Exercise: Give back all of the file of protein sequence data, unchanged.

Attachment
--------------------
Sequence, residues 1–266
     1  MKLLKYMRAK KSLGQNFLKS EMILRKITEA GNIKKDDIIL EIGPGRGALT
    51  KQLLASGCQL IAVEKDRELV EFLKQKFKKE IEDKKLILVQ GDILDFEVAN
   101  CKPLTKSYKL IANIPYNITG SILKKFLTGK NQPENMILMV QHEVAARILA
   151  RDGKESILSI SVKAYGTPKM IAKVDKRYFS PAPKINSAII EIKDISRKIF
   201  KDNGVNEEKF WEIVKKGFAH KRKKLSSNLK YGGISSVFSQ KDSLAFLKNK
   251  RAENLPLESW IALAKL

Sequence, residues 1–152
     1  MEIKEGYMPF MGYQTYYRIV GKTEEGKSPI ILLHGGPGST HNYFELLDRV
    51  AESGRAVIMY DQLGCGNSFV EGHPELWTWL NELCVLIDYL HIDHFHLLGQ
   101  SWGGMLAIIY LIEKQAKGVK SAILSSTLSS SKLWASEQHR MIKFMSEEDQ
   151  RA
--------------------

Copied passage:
Sequence, residues 1–266
     1  MKLLKYMRAK KSLGQNFLKS EMILRKITEA GNIKKDDIIL EIGPGRGALT
    51  KQLLASGCQL IAVEKDRELV EFLKQKFKKE IEDKKLILVQ GDILDFEVAN
   101  CKPLTKSYKL IANIPYNITG SILKKFLTGK NQPENMILMV QHEVAARILA
   151  RDGKESILSI SVKAYGTPKM IAKVDKRYFS PAPKINSAII EIKDISRKIF
   201  KDNGVNEEKF WEIVKKGFAH KRKKLSSNLK YGGISSVFSQ KDSLAFLKNK
   251  RAENLPLESW IALAKL

Sequence, residues 1–152
     1  MEIKEGYMPF MGYQTYYRIV GKTEEGKSPI ILLHGGPGST HNYFELLDRV
    51  AESGRAVIMY DQLGCGNSFV EGHPELWTWL NELCVLIDYL HIDHFHLLGQ
   101  SWGGMLAIIY LIEKQAKGVK SAILSSTLSS SKLWASEQHR MIKFMSEEDQ
   151  RA